Sam's average per theater was the highest for any film playing in wide release this weekend. Directed by Jessie Nelson, it stars Sean Penn and Michelle Pfeiffer.
"That seems to be going nicely," New Line's Tuckerman said. "We're probably going to expand this week by maybe 100 screens and look for some good theaters that we didn't get on the first go-round. There's a lot of (Oscar) buzz on (Sean Penn) now.
"This is another one of those pictures that we have this year where every other review wasn't good, but the public seems to like the film. (With) Life As a House, the public overwhelmingly really loved it, (but) just didn't go. This one seems to be playing better, but it's the same thing. Once they see it, they love the movie."
As for the Super Bowl's impact, Tuckerman observed, "I think Lord will take a hit. I think Sam may do better because it skews female over 25. We're hoping we'll have really good matinees today and all those people who don't want to sit and watch the Super Bowl tonight -- (a group that) will obviously skew female -- will go to our movie."
20th Century Fox's PG-13 rated parody of martial arts films Kung Pow: Enter the Fist held on to ninth place in its second week with a weak ESTIMATED $3.76 million (-46%) at 2,475 theaters (-3 theaters; $1,617 per theater). Its cume is approximately $12.0 million.
Written and directed by Steve Oedekerk, it stars Steve Oedekerk.
Sony's Screen Gems label's opening of its R rated youth comedy Slackers tied for tenth place with a dull ESTIMATED $3.0 million at 1,893 theaters ($1,585 per theater).
Directed by Dewey Nicks, it stars Devon Sawa.
"We have U.S. rights only," Sony's Jeff Blake explained Sunday morning, noting that the $3 million estimate does include ticket sales in Canada. "Alliance has it in Canada and will be reporting (the film's Canadian grosses). Tomorrow we'll be releasing separate figures.
"That was a $4 million acquisition (for Screen Gems). It was produced by Destination Films (and) was one of the pictures caught up with Destination's bankruptcy. We acquired this one at very low cost, so we won't get hurt. But, obviously, it's not the performance we would have liked."
Paramount and MTV Films' opening of the PG-13 rated youth appeal comedy Orange County, which was tenth last week, tied for tenth place in its fourth week with a quiet ESTIMATED $3.0 million (-32%) at 2,295 theaters (-92 theaters; $1,348 per theater). Its cume is approximately $37.9 million.
Directed by Jake Kasdan, it stars Colin Hanks and Jack Black.
Addressing the Super Bowl's effect on the marketplace, Paramount distribution president Wayne Lewellen said Sunday morning, "It obviously impacts the male -- and young male, primarily -- audience.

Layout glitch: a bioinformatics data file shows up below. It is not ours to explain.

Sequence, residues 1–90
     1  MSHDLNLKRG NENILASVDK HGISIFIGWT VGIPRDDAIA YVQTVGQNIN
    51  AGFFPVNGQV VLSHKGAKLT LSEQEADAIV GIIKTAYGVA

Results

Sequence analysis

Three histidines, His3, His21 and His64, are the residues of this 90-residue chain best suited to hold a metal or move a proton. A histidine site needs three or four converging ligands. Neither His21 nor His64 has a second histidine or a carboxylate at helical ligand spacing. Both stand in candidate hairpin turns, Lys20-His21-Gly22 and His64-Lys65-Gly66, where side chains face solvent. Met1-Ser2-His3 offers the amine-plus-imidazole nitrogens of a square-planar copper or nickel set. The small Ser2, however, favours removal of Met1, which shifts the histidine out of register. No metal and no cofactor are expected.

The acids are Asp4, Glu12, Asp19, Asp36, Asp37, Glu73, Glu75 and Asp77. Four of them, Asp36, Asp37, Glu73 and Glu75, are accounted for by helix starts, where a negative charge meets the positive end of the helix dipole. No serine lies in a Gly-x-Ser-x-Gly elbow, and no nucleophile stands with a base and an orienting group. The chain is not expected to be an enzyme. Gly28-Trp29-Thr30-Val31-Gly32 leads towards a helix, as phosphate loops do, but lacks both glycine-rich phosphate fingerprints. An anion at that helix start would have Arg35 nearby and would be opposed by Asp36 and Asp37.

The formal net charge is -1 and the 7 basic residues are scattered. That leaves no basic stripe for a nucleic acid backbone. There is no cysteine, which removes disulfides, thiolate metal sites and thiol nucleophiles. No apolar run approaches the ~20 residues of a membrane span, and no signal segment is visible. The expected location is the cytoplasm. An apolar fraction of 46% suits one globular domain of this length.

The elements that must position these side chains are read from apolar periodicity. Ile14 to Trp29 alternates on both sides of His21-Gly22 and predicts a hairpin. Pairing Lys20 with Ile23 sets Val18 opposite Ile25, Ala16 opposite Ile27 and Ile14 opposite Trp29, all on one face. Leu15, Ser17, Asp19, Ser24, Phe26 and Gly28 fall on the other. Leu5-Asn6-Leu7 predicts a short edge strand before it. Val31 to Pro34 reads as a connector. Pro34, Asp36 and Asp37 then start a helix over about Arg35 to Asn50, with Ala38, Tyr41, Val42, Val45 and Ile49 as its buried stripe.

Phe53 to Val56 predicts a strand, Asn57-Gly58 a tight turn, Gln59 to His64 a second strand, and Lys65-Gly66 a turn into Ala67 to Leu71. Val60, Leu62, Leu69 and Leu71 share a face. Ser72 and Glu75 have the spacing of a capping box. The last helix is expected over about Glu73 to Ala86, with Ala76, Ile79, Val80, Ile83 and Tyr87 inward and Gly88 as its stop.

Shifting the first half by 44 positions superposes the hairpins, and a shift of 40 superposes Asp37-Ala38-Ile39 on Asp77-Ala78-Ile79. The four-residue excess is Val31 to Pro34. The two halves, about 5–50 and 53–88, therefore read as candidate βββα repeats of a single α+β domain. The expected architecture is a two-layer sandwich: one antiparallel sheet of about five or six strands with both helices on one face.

"If you look at the way these pictures held up on Friday and Saturday this weekend, that's more a result of the fact that there wasn't any major competition that came in. You can say (the Super Bowl) hurt in one respect in the overall business. However, the product that's in the marketplace actually may benefit Friday and Saturday (from the lack of strong new competition) because everybody stays away from the dates."
This weekend also saw the arrival of Miramax's R rated thriller Birthday Girl with an unhappy ESTIMATED $2.5 million at 1,000 theaters ($2,500 per theater).
Directed by Jez Butterworth, it stars Nicole Kidman and Ben Chaplin.
CineTel Films' PG-13 rated drama A Rumor of Angels, released through MGM, arrived to a soft ESTIMATED $0.019 million at 7 theaters ($2,676 per theater).
Directed by Peter O'Fallon, it stars Vanessa Redgrave, Ray Liotta and Catherine McCormack.
There were no national sneak previews this weekend.
On the expansion front this weekend USA Films' R rated whodunit Gosford Park, a likely Oscar contender, continued to widen in its sixth week, still doing terrific business with an ESTIMATED $2.34 million (-15%) at 800 theaters (+44 theaters; $2,960 per theater). Its cume is approximately $19.3 million.
Directed by Robert Altman and starring an extensive ensemble cast, it was written by Julian Fellowes and produced by Altman, Bob Balaban and David Levy.
Universal's R rated fantasy thriller Brotherhood of the Wolf expanded in its third week to a still promising ESTIMATED $1.8 million (+12%) at 393 theaters (+101 theaters; $4,590 per theater). Its cume is approximately $6.7 million.